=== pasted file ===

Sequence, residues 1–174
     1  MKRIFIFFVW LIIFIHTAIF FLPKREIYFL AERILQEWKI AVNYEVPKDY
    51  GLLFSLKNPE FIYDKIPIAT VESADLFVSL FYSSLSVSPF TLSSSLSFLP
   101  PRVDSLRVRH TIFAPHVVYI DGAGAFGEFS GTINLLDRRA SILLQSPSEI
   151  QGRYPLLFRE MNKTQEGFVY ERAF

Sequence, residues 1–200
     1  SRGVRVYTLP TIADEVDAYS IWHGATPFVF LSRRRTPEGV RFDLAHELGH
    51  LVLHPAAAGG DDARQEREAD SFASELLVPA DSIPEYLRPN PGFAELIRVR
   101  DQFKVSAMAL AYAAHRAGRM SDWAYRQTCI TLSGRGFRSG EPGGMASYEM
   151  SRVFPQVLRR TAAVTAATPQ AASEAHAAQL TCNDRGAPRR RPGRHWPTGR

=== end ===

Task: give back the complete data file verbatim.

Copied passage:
Sequence, residues 1–174
     1  MKRIFIFFVW LIIFIHTAIF FLPKREIYFL AERILQEWKI AVNYEVPKDY
    51  GLLFSLKNPE FIYDKIPIAT VESADLFVSL FYSSLSVSPF TLSSSLSFLP
   101  PRVDSLRVRH TIFAPHVVYI DGAGAFGEFS GTINLLDRRA SILLQSPSEI
   151  QGRYPLLFRE MNKTQEGFVY ERAF

Sequence, residues 1–200
     1  SRGVRVYTLP TIADEVDAYS IWHGATPFVF LSRRRTPEGV RFDLAHELGH
    51  LVLHPAAAGG DDARQEREAD SFASELLVPA DSIPEYLRPN PGFAELIRVR
   101  DQFKVSAMAL AYAAHRAGRM SDWAYRQTCI TLSGRGFRSG EPGGMASYEM
   151  SRVFPQVLRR TAAVTAATPQ AASEAHAAQL TCNDRGAPRR RPGRHWPTGR